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Myla’s role models: women with a mission
Myla is not only a model, she also wants to inspire women to be full of confidence in life. She herself followed the example set by these women to become the woman she is today.
Myla Dalbesio, the face of our Ode to Curves campaign, is a multi-faceted woman with her own view of the world. As well as a model she is also an artist and her sketches and photo collages often have a liberating aspect to them. She’s a fan of strong women who are determined to leave their mark in the social, economic or political sphere. For her, they are genuine role models she likes to talk about.
Believe in yourself
She may be a model, but for Myla there’s a lot more to being a woman than looking good. “Of course women want to look attractive, wear nice lingerie and nice clothes. But for me, there’s a lot more to being a woman than that. It’s about doing what you’re good at and like doing and feeling good about yourself. That is exactly what I want to say to other women: that they should be proud of themselves and their body. As the face of the Ode to Curves campaign I want to inspire them to believe in themselves and be full of confidence in life, regardless of what size they take or what shape they are.”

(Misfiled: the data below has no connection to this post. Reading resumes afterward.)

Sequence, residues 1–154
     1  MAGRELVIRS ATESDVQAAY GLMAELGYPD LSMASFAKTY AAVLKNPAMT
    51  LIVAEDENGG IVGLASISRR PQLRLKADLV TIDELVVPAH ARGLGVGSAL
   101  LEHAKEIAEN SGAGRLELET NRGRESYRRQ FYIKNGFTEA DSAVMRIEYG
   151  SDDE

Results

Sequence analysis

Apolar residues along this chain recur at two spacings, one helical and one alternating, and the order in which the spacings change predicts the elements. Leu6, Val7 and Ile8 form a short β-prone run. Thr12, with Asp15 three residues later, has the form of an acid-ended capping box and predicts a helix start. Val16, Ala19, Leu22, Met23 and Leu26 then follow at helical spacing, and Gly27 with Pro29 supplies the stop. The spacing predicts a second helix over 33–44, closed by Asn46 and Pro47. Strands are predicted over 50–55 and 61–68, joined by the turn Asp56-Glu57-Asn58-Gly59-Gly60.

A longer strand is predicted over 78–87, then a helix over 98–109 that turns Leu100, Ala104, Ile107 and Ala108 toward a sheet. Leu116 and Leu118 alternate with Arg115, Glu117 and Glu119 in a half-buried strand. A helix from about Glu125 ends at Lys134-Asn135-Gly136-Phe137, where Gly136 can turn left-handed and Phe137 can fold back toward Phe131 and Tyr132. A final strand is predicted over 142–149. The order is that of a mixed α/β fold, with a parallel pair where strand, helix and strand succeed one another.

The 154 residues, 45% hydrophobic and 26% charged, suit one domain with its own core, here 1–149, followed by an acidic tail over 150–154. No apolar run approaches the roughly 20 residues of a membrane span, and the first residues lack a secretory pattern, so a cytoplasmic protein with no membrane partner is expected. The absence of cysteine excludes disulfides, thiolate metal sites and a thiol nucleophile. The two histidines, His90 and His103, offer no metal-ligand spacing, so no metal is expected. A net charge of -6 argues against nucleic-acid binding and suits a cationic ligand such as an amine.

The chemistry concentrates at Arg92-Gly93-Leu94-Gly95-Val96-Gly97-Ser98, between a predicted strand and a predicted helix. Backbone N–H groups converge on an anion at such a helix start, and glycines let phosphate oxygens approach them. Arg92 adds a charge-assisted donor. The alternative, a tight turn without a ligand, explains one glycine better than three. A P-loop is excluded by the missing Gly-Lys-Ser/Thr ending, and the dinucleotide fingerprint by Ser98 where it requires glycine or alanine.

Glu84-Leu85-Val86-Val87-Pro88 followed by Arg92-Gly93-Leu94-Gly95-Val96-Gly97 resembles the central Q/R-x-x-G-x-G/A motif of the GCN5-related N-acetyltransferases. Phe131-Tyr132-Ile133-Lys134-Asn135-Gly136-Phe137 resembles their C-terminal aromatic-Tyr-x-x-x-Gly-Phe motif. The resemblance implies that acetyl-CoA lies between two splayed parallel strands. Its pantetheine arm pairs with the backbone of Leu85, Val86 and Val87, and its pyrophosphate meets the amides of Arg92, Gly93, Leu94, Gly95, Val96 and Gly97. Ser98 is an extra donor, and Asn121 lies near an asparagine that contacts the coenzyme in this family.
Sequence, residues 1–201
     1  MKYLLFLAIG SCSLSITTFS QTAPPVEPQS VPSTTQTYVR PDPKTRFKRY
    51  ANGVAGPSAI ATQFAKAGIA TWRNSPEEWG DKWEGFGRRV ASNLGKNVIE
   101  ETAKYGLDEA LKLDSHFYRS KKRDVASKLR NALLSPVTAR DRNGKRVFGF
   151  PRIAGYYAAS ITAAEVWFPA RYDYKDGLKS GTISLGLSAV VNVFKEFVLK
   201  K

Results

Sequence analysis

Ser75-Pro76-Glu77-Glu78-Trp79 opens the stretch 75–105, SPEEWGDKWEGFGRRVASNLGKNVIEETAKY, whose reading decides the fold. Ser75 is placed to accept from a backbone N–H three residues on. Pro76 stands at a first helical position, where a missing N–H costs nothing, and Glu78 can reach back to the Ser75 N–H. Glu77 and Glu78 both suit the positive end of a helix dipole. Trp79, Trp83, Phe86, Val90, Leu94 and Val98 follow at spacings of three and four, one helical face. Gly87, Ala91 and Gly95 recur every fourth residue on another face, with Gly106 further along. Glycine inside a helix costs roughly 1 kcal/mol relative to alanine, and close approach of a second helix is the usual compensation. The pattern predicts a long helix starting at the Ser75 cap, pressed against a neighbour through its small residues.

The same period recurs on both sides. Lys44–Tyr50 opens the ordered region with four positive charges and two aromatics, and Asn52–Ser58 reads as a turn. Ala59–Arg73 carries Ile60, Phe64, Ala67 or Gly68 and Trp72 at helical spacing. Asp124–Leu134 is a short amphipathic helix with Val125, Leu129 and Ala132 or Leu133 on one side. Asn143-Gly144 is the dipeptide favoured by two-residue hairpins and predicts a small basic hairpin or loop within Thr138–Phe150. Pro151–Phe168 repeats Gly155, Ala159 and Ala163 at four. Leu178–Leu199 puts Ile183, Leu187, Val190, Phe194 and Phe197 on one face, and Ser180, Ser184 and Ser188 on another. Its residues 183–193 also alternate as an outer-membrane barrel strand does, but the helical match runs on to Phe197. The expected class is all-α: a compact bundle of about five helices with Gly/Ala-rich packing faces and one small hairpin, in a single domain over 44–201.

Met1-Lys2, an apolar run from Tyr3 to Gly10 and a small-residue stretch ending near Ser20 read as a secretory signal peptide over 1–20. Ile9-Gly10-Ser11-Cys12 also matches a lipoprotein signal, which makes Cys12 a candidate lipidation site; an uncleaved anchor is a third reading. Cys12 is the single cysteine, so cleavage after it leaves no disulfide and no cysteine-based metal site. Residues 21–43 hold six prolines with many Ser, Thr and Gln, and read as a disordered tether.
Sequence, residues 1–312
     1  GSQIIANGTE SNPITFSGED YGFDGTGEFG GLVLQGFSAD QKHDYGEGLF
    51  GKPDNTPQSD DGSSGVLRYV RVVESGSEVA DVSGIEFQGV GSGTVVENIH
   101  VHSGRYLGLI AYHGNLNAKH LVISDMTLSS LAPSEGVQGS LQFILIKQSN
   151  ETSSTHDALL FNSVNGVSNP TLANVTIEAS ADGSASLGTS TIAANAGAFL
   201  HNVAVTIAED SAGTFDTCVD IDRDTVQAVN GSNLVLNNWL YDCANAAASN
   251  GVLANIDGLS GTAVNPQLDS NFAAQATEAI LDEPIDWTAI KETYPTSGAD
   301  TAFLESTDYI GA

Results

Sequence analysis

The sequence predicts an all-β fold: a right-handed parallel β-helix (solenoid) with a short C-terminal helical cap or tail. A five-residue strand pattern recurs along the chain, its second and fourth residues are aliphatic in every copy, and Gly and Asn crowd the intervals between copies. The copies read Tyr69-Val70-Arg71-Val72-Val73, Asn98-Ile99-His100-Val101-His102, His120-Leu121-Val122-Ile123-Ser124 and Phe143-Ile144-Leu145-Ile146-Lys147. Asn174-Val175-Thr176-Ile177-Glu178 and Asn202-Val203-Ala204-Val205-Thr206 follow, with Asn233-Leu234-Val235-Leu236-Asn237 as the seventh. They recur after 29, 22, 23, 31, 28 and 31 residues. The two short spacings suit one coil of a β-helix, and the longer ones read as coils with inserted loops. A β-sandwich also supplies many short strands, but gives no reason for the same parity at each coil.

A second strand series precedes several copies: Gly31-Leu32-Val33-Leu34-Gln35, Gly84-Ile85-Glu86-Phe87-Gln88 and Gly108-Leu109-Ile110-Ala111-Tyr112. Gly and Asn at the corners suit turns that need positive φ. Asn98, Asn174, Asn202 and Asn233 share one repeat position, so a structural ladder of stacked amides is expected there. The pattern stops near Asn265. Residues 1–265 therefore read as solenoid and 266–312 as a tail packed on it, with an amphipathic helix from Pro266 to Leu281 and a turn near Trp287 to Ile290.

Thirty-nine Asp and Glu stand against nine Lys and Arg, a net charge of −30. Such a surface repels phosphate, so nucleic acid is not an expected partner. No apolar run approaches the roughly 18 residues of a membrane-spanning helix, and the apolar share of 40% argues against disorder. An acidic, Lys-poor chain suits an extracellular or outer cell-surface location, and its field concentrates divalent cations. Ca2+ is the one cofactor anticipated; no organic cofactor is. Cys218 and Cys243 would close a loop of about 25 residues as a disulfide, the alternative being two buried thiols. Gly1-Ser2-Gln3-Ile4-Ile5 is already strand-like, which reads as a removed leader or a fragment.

Myla is also a big fan of women who play an important role in the social, economic or political sphere, and so inspire other women to follow their example. “I find these women admirable if only for the way they show other women how they can take control of their lives. Take my sisters, for instance: they run their own business, which they set up themselves. Their spirit of enterprise is infectious, I’m hugely proud of them. I also have a lot of respect for women who leave their mark in politics and so on our society. One of my role models is Hillary Clinton: she has already built a solid political career and she may soon be our first female president in the US. Someone like Madeleine Albright has also inspired me to follow my dreams without compromising. In the nineties she was the first female to become secretary of state, the highest position a woman has held so far in the United States. I also very much look up to the US activist Cecile Richards. She does a huge amount for women’s rights as the chair of the Planned Parenthood Federation, an organisation that among other things defends a woman’s right to decide when she gets pregnant. Thanks to her efforts it is easier for us to combine motherhood with a career. She is also a role model for every woman who wants to make a difference socially.”